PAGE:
Wednesday, April 9, 2008
Don't you just hate it when you have e-mailed, filed, or otherwise dispatched some piece of writing, only to spot a glaring error that you overlooked? Or if your job description includes reviewing the work of others (ahem, legal writing profs, I am talking to you), don't you sometimes wonder how those writers could have missed seeing obvious errors?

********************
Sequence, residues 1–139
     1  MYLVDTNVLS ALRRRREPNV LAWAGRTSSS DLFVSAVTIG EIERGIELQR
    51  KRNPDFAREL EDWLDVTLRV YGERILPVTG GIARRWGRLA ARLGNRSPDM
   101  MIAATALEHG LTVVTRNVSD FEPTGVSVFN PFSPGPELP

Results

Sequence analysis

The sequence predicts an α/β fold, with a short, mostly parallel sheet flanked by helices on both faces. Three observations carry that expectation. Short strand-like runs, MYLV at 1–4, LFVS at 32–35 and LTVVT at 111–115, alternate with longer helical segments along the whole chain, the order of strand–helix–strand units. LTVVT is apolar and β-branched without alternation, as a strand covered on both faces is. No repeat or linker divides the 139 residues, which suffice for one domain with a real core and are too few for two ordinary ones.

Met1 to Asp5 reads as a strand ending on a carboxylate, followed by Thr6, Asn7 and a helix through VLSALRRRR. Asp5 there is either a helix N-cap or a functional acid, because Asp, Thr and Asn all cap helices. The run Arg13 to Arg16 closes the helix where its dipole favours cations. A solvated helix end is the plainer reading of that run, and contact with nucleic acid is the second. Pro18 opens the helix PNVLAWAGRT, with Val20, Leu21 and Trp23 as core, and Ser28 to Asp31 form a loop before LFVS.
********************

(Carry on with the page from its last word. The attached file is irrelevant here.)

Either way, you will enjoy reading an article by Delaware attorney John J. Paschetto, published in the February 2008 issue of The Practical Lawyer magazine, Beyond Redlines and Spell-Check: Proofreading Tips from the Dark Ages (in pdf format). Paschetto explains the difference between editing and proofreading, and he identifies many of the common forms of errors that writers tend not to see when reviewing their own work. He explains the advantages of proofing in stages, and he offers several low-tech strategies for catching and correcting such errors, including a checklist that illustrates his suggested method at work.